President Boris Yeltsin now fires his governments with all apparent deliberation of changing neckties.
But yesterday's dismissal of Sergei Stepashin, his fourth prime minister in less than 18 months, has raised fears, never far from the surface, that the volatile leader may even derail presidential elections set for next year.
Mr. Yeltsin is a lame duck president whose eight-year rule as the first post-Soviet leader is due to end in June.
But Russia has never had a constitutional transfer of power, and many analysts worry that it may not happen now.
The commander of this nuclear-armed former superpower is besieged on several fronts. Several members of his entourage are the targets of corruption probes. Powerful regional governors have formed an electoral alliance to challenge his choice of successor. The economy is in tatters. Islamic insurgents in Russia's unstable Caucasus region are stirring up trouble.
Some analysts see all this as a potential pretext for a crackdown on Russia's fragile democracy.
"It could be possible the Kremlin would want a state of emergency," says Vyacheslav Nikonov, president of the independent Politika Foundation in Moscow.
Mr. Nikonov says an excuse for such an emergency declaration might be the current unrest in the southern province of Dagestan. This past weekend, Muslim warlords from neighboring Chechnya seized several border towns and demanded the creation of an Islamic superstate in the Caucasus mountains.
The Kremlin has offered no explanation for removing Mr. Stepashin after just three months in office. In fact, Yeltsin said, there will be no major policy changes.
Yeltsin named Vladimir Putin, who heads the Federal Security Service (FSB), the successor to the Soviet KGB, as acting premier and his own heir apparent. A onetime KGB spy in Germany, Putin later earned the nickname "the gray cardinal" for his behind-the-scenes management style as an aide to the mayor of St. Petersburg.
In his first public statement, Putin declared that he will run for the presidency next year and pledged clean elections. "I do not see a single reason to declare a state of emergency in the country," the radio station Echo Moskvi quoted him as saying, although analysts doubt the decision would be his to make.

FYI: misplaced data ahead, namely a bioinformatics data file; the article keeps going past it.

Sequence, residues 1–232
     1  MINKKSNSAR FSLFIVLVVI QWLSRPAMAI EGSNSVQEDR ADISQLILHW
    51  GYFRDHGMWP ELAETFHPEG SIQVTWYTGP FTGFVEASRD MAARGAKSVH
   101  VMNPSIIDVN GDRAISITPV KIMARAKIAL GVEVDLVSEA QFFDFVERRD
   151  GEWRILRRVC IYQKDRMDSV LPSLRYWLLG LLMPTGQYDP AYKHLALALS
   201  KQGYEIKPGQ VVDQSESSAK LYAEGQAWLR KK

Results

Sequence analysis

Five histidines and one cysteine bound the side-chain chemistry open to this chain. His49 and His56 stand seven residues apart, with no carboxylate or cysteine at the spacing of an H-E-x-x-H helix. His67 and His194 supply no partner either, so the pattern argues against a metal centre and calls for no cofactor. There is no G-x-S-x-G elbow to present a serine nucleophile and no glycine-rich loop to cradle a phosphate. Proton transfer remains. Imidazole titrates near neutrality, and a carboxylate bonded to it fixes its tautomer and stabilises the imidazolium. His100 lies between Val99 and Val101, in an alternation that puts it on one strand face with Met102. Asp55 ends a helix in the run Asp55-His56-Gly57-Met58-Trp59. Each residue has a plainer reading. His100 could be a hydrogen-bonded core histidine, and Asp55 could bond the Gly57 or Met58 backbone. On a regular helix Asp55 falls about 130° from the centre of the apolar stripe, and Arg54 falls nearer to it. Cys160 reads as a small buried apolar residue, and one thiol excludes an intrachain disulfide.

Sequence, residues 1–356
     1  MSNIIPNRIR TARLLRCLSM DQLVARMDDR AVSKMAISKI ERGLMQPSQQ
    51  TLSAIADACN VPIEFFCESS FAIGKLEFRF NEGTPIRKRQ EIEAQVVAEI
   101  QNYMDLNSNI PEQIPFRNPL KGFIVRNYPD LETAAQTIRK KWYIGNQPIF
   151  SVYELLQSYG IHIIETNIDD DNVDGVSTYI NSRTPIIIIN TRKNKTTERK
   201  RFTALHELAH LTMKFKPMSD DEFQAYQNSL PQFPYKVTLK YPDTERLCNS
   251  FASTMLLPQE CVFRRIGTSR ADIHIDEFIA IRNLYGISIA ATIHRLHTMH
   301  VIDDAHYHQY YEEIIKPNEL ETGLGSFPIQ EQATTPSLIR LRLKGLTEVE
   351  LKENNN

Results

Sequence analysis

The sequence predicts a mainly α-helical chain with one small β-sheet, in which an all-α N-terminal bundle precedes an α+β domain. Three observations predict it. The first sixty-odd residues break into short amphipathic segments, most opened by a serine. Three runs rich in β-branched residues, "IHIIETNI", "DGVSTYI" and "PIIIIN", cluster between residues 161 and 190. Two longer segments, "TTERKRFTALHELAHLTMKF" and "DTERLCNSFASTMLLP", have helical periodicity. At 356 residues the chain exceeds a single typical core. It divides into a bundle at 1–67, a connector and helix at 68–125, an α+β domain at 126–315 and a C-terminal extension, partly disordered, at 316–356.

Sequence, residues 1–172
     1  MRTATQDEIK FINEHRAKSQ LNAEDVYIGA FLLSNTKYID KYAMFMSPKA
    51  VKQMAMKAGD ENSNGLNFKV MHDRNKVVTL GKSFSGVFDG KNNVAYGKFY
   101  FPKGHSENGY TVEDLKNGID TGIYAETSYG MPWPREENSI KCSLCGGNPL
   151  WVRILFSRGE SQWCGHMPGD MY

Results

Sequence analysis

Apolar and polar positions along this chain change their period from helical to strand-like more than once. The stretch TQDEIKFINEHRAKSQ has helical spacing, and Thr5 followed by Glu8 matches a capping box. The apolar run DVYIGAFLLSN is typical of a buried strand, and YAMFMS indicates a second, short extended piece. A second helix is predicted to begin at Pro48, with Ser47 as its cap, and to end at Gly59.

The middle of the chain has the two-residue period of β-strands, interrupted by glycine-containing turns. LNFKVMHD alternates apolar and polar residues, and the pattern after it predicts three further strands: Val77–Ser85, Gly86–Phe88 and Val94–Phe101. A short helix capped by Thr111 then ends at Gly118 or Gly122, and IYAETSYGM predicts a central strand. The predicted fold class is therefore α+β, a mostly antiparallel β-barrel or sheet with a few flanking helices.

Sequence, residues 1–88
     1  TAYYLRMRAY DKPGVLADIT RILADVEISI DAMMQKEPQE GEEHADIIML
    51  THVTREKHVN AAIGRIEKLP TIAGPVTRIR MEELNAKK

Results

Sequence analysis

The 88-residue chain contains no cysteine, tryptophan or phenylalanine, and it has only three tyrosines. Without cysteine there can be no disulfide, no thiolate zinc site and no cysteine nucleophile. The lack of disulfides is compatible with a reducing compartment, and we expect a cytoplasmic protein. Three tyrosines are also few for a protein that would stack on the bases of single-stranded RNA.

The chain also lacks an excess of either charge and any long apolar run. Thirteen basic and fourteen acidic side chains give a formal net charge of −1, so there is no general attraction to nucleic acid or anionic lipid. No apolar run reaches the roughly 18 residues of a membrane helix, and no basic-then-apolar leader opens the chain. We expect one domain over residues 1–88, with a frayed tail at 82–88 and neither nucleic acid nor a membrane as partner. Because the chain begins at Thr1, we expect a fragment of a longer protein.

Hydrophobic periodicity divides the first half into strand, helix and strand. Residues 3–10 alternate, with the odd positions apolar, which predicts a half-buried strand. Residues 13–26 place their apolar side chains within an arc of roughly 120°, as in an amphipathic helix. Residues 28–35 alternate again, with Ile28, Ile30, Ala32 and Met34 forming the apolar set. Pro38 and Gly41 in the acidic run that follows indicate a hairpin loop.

Yeltsin has a history of overturning the apple cart when he seems cornered. In 1993, he sent tanks to crush a defiant parliament. In 1994-96 he waged a disastrous military campaign against the breakaway region of Chechnya. Since March 1998, he has abruptly dismissed four governments, plunging the country into its worst economic state since the collapse of the Soviet Union in 1991.
Yeltsin said the appointment of Putin will ensure stability as Russia heads into parliamentary elections slated for Dec. 19. But analysts and opposition leaders agree that Yeltsin's decision to stage yet another government shuffle can only bring more political and financial turmoil.
"He's nuts," says Boris Makarenko, deputy director of the Center of Political Technologies think tank in Moscow. "It's an agony for Russia."
Protecting Yeltsin 'family'
But safeguarding the fragile economy doesn't appear to be Yeltsin's priority. Rather, he seems intent on ensuring the survival of himself and his inner circle - known as "the family" - after his eventual exit from power. Commentators say these top advisers include Yeltsin's daughter, Tatiana Dyachenko, tycoon Boris Berezovsky, Kremlin chief of staff Alexander Voloshin, and financier Roman Abramovich.
The president's biggest challenge is the emergence of a strong electoral coalition, headed by ambitious Moscow Mayor Yuri Luzhkov. Last Wednesday, Mr. Luzhkov won the support of several powerful governors, including Tatarstan leader Mintimer Shaimiyev.
Some analysts believe the alliance could gain a majority in the powerful lower house of parliament, the Duma. The coalition may also be able to win the presidency, particularly if it can win over Yevgeny Primakov, the country's most popular politician, who was replaced by Stepashin as prime minister in May.
"The Luzhkov alliance is seen as a deadly threat to the [Yeltsin] family," says political analyst Nikonov. "Stepashin was not seen as active enough in persecuting the family's enemies."
Putin has a time limit too
Putin is a lawyer by training but has spent most of his career in the shadowy world of the security forces. He is a longtime Yeltsin loyalist, but unlike the shy and soft-spoken Stepashin is likely to be more ruthless against Kremlin opponents.
"For Yeltsin, a prime minister's main role is to be the instrument of the president's will," says Andrei Ryabov, an analyst with the Carnegie Endowment in Moscow. "Stepashin tried to be a referee between different political forces, and this is what got him fired. If Putin fails to build a new party of power that is capable of defeating Luzhkov, he too may be discarded within a few months."
Stepashin's firing brought condemnation from across the political spectrum. Even Mr. Berezovsky described the constant government changes as "a huge minus for the nation."
The Duma will be called back from its summer recess within a week to vote on Putin's appointment, which is expected to win easy approval. Under the Constitution, parliament must be dissolved if it fails to ratify the president's nominee three times. Analysts say deputies will be loath to risk the loss of parliamentary privileges as they head into an election campaign.
(c) Copyright 1999. The Christian Science Publishing Society